Well, my dad used to draw. Okay, so I got this habit from him. And I did not develop it. And to one year before applying to architecture, I like started No, like I because I thought, well, it’s so important to have like a drawing skills. So like, I tried to practice more and more, and it’s gotten a lot better than like the first time I do of course. So, yeah, I did. I’m still trying to work on it. Even though like it’s not like the first thing like the first skill you need to have as an architecture student. But yeah, I still like practice on it. And no, I did not did like right now. Like it’s something that I’ve been working on like from two years ago. Yeah.

Kyle 13:58
So yeah. That’s, that’s kind of makes me think as well, because I remember when I was going through architecture, you know, when I was 15, I want to be an architect. And I thought it was just all hand drawing and you have to be really good at art and all this kind of stuff. But yeah, I think it really is you just pick it up along the way. And

Serena 14:19
you have to learn by your own.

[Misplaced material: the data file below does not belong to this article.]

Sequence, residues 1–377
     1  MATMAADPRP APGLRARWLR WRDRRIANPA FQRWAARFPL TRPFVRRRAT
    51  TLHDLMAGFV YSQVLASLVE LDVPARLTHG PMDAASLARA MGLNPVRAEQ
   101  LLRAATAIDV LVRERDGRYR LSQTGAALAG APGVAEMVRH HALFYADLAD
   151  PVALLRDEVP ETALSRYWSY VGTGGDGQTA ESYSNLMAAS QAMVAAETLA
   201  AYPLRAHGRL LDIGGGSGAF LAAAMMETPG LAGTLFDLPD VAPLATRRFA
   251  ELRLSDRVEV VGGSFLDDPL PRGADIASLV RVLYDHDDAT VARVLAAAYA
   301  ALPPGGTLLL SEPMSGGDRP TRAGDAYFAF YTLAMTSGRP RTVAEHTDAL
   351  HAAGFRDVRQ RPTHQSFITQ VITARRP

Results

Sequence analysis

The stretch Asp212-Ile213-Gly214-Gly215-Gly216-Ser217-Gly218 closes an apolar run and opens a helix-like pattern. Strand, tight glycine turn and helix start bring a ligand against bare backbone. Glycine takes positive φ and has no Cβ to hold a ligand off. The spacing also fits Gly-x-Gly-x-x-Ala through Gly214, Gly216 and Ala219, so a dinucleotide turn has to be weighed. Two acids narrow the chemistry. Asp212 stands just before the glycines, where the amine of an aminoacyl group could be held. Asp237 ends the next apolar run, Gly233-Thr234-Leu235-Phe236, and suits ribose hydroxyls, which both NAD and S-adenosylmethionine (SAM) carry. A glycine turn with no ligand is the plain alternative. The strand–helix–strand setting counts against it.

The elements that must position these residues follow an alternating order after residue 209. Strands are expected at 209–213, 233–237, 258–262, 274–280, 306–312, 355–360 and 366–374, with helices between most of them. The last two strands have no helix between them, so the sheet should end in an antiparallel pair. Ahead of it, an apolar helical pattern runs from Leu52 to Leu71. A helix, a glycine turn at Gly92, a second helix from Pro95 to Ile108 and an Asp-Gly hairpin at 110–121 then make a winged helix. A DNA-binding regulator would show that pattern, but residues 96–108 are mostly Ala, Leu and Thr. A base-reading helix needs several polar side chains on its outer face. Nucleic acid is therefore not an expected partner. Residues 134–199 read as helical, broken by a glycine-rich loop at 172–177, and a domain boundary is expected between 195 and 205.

Kyle 14:21
Exactly. So, yeah, you decided our architecture when you were 15. like myself, however, I guess cuz you’ve stuck it out that long. What was that four years ago? So are you 19 years old?

Serena 14:38
Almost. Like. Tomorrow I’ll be 20.

Kyle 14:41
Oh! happy birthday for tomorrow. That’s awesome. So I think you’re exactly one month. Your birthdays exactly one month. What is it after me? So let’s go Is You obviously stayed motivated to you stuck on studying architecture for the past five years then. And so a lot of students, I guess, struggle with losing motivation, or they’ll think that they’re not going to make it. They’re not. They don’t have the confidence in themselves that they’re going to be able to keep going. But obviously, if you’ve stuck it out for five years, then anyone else can do that as well. So I guess what kind of advice would you have for someone who’s saying to themselves, that they’re not that good enough architecture, it’s something that they’re not going to be able to pursue? Like,

Serena 15:42